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Does college fail grads in the workplace?

News interns run out with the ruling regarding same-sex marriage from the U.S. Supreme Court June 26, 2015 in Washington, DC.  Alex Wong/Getty Images

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So with another wave of high school graduations just around the corner, it’s a good time to talk about college.

Sure, you go to college to learn stuff in classrooms, read books and write papers. But in his new book “There is Life After College,” education writer Jeffrey Selingo says the most valuable skills students need to get a job might no longer be found on campus.

“It’s much more about how you go to college now than where you go, or even if you go in some cases,” he said.

What is the difference between prepared and unprepared kids?

So the biggest difference is, is that, those students who take advantage, particularly of outside the classroom experiences, study abroad, project based learning, undergraduate research, and the big one, internships, that helps develop those soft skills that employers over and over again say they want: problem solving, working in teams, and the big one, the ability navigate the ambiguity of day-to-day work.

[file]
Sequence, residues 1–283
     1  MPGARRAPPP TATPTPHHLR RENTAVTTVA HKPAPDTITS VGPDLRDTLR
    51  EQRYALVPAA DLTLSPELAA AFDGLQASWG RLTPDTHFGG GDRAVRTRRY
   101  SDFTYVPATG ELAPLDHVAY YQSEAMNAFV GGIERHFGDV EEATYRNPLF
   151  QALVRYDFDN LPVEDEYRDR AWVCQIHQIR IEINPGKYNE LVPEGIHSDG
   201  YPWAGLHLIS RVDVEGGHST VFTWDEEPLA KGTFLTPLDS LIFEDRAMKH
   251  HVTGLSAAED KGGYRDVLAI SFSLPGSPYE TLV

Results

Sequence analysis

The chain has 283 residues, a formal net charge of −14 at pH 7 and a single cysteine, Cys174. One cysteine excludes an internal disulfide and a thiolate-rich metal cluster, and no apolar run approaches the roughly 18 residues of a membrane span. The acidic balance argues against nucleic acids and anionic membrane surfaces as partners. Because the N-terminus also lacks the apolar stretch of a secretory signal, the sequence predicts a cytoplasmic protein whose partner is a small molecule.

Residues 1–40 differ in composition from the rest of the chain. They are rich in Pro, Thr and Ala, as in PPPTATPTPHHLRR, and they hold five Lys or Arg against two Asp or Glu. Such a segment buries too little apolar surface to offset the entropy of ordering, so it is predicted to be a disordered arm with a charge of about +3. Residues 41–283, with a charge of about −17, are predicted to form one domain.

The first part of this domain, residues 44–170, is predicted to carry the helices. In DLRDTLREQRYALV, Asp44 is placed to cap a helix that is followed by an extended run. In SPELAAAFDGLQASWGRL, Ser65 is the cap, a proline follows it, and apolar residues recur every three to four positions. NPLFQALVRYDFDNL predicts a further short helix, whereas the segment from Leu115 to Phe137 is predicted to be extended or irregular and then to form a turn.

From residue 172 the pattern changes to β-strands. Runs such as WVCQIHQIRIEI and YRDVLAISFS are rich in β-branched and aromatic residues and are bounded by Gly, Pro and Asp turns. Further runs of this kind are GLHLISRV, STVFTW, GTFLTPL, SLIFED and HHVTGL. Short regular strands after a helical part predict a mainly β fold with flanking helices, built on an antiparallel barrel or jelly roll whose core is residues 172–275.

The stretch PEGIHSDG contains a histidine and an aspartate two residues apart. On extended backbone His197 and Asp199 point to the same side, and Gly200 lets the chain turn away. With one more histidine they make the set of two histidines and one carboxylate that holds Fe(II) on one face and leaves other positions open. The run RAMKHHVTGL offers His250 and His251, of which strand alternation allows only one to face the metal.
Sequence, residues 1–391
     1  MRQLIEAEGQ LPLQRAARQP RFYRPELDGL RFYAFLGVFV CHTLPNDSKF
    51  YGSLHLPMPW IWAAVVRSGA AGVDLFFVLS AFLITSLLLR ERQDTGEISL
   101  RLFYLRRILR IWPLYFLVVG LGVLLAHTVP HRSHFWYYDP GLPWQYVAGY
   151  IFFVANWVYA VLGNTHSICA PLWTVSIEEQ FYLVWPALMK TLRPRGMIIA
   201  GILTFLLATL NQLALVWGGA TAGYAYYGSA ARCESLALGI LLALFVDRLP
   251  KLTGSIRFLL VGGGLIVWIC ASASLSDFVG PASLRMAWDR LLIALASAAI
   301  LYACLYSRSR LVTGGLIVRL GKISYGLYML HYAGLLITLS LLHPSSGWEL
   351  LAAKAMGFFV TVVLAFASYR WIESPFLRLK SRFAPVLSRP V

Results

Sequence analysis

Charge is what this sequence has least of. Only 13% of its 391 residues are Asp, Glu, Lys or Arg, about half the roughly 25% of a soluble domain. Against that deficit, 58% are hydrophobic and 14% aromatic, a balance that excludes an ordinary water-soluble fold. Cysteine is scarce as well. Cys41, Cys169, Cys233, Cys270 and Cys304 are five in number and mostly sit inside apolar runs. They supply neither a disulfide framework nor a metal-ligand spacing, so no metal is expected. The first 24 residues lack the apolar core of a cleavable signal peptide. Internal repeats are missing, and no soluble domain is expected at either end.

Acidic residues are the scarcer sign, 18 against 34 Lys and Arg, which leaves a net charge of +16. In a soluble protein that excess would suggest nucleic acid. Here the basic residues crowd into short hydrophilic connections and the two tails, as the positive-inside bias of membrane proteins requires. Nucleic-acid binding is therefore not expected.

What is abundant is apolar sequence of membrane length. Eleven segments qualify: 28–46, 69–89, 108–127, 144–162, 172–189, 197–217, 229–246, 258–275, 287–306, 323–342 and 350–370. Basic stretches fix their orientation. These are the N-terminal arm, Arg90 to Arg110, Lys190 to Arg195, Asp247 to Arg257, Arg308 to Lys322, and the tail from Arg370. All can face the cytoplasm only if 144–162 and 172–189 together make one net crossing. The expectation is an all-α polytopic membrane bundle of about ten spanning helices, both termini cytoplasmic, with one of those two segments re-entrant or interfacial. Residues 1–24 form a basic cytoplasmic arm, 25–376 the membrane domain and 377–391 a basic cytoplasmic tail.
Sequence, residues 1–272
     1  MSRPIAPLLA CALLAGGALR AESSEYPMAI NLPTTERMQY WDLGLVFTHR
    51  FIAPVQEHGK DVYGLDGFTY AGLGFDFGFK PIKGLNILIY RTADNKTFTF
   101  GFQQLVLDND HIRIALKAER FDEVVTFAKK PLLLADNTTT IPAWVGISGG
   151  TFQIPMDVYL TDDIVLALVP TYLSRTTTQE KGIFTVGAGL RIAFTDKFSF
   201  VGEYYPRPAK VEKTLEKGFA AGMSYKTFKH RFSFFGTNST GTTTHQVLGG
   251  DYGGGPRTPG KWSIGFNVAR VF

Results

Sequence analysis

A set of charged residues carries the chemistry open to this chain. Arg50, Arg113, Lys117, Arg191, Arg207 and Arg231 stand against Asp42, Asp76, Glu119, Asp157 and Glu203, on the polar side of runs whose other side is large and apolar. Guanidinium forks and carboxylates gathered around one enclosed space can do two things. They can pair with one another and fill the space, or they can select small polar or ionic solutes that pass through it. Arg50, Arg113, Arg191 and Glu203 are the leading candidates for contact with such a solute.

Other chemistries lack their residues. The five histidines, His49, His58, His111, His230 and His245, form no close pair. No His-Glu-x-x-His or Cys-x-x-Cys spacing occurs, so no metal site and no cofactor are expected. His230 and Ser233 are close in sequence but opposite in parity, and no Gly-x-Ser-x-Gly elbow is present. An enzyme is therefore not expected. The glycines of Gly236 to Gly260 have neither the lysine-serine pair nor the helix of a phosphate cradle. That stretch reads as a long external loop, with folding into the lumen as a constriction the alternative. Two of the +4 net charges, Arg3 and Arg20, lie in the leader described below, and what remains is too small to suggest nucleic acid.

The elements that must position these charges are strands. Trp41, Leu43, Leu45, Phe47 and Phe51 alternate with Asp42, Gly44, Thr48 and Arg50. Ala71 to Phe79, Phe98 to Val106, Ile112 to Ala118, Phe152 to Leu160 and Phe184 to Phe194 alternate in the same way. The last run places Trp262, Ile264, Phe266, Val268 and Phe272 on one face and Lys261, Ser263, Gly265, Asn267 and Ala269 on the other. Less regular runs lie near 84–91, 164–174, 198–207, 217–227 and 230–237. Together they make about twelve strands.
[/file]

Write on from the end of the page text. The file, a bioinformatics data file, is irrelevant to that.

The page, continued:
On the importance of grit and resilience: 

Most students have a hard time doing that. You know for the most part, education has been directed for them throughout their life. Think about the college classroom of today, it’s very task-based: take an exam, finish a paper, attend a club meeting, go to practice and, for the most part, the modern workforce is a mashup of activities and most students don’t know how to address that.

Selingo’s solutions for students of the future:

I think that we need to press pause and give some students more time. 400,000 students drop out of college every year, many of them freshman, and now we have more millennials than any other age group in the United States, who have some college credit and no degree. And that’s very worrisome for the future of the country and for the workforce. So I’m a big fan, for example, of giving some students time off after high school, gap years for example, and when they actually do go to college they’re much more mature and they’re much more focused and come out on time and actually spend even less money than than they probably would have spent wandering.

Read an excerpt of Selingo’s book below. 

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